Telling your brand story
This week I had the opportunity to lead a discussion on something that lies very dear to my heart. Storytelling. More specifically brand stories and how companies tell it to their customers. A few companies do it well, and it is no coincidence most of them are big players like Apple or Nike. A lot of startup companies are realizing having a good brand story is key to build customer rapport when the market is already saturated with competitors. Warby Parker. Tom's Shoes. The list goes on. Any lifestyle company has to do it well, or the hill to climb will be hard.
The evolution of tech companies is interesting to look at. Very few ever crosses into being a lifestyle company, with the exception of Apple. It used to be just having better equipment than the competition was enough. You offered more RAM and kilobytes than the guy down the street. But that is no longer the case. The cost of equipment is now a fraction of what it used to be. Design is incredibly becoming more important in technology, as the web is now an open platform for everyone. If you are a tech company you have to be user-friendly, have seamless onboarding, and great UX. People's patience has gone down while their expectations have gone up.
The challenge I have been thinking about over the past few months is how to build brand value in a commodity industry. Hosting is not sexy. Shared hosting has been around for decades, and considered a dinosaur product by many. It is not a lifestyle brand. So how to keep conversion up in an industry that is evolving? In the hosting industry, everyone has been racing to the bottom shouting the same features and benefits as the other guy. The added challenge is differentiating yourself when the talking points and price is the similar across the board. What dawned on me is the one thing other companies can't steal if your story.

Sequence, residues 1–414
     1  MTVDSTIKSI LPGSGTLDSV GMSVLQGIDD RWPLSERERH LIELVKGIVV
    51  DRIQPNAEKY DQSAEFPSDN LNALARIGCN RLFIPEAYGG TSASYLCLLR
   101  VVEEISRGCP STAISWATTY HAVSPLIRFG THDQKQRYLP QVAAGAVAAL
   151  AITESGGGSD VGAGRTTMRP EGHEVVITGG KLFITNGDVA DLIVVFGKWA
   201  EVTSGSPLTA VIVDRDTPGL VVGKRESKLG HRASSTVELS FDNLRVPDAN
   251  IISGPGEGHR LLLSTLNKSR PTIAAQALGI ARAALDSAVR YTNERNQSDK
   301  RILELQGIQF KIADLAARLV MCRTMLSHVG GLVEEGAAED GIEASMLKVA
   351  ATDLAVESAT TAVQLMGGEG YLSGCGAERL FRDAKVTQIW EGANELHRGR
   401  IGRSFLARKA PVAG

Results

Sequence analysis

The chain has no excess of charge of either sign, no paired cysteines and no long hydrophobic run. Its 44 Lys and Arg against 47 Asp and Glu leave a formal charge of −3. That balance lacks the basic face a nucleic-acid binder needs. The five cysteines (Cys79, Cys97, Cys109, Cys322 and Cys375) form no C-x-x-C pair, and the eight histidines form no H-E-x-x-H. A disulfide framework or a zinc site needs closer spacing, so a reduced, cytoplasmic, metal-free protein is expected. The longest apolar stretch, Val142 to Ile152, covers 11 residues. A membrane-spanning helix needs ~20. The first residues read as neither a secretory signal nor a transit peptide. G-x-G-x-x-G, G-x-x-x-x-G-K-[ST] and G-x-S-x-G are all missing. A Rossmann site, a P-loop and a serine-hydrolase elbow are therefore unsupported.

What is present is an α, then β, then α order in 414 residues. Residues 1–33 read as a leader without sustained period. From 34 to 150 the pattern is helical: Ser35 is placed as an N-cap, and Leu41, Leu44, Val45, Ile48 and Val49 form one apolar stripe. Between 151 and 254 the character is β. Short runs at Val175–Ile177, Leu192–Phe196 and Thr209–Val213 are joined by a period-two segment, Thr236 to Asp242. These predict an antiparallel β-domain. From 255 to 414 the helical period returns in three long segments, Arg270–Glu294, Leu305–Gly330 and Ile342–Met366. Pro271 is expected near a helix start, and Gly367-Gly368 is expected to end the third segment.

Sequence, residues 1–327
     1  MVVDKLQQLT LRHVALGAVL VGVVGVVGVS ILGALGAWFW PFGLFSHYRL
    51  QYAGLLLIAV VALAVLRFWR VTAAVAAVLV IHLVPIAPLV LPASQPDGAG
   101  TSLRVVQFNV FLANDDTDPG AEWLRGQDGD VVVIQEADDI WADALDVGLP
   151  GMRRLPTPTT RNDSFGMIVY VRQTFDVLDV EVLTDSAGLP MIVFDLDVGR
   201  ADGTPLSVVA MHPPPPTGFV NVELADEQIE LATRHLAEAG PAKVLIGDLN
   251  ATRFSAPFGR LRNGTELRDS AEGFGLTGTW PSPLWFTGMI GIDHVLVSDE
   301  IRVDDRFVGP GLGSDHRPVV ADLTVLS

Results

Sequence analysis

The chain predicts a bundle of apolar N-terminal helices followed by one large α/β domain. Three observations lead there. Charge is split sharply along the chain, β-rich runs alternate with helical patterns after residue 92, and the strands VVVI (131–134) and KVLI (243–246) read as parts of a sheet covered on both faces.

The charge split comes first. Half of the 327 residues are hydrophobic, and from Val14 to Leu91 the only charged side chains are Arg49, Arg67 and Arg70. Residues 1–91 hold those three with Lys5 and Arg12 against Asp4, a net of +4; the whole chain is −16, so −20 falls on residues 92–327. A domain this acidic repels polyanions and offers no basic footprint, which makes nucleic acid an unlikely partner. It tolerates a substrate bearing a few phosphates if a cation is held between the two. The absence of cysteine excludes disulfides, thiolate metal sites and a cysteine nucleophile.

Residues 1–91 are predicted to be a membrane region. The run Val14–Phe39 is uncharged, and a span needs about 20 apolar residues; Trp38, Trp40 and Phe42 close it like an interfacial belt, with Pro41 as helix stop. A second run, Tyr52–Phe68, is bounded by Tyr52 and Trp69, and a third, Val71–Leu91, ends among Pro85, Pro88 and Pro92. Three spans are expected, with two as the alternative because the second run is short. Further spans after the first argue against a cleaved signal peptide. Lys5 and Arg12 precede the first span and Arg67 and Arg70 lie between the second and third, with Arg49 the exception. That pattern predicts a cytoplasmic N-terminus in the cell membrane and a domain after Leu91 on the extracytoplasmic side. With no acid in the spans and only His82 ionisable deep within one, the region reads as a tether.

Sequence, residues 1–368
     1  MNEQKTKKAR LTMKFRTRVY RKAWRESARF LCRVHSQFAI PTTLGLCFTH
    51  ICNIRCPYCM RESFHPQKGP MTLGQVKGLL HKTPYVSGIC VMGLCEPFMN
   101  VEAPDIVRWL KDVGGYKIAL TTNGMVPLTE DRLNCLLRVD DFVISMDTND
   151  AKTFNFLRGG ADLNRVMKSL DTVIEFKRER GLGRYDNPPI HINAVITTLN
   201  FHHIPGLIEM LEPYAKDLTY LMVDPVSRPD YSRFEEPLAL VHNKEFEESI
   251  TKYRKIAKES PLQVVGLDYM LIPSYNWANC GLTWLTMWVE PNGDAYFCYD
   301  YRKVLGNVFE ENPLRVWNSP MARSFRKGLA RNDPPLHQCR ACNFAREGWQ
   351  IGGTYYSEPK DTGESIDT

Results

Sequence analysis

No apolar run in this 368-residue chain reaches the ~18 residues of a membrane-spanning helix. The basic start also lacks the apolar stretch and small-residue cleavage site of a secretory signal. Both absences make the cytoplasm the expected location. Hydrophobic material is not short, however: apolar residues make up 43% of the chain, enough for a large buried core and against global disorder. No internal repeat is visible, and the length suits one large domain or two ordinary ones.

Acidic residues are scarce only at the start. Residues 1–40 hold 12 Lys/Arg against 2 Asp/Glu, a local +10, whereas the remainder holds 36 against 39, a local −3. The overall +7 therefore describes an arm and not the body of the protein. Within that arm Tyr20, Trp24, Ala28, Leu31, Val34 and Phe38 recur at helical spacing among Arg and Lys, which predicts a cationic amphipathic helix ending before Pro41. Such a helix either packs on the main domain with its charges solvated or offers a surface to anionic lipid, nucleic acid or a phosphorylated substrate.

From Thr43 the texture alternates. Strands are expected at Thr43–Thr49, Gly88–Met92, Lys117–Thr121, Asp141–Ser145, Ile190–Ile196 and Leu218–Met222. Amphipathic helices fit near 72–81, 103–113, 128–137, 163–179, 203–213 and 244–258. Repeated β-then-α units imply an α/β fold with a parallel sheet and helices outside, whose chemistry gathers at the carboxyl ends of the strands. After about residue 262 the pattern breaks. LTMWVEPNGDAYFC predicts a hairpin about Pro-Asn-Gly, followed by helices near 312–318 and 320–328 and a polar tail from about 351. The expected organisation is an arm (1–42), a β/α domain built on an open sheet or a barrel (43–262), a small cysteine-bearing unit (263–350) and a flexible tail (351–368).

Attempting to be all things to all the people, you end up being nothing to everybody.
~Raymond Fong (Growth Hacking)
It is usually the background of the company that captures me and entices me to work for them. I like knowing what a company's history and values are. It plays a large part of where I work now. DreamHost has a great story coming from pretty humble beginnings being founded in a college dorm-room. This is what brought me to lead that discussion to tell our brand story more authentically. It is a great differentiator, and can't be replicated.
After presenting the importance of telling our story authentically, we brainstormed ideas of how to go about it. We discussed the emotions we would like to resonate with our users. Some great ideas came out of the discussion, that we will implement as we move forward. It will be exciting to what the effect will be. You can see part of my presentation right here. A few slides have been taken out, but my intro to brand storytelling is all there.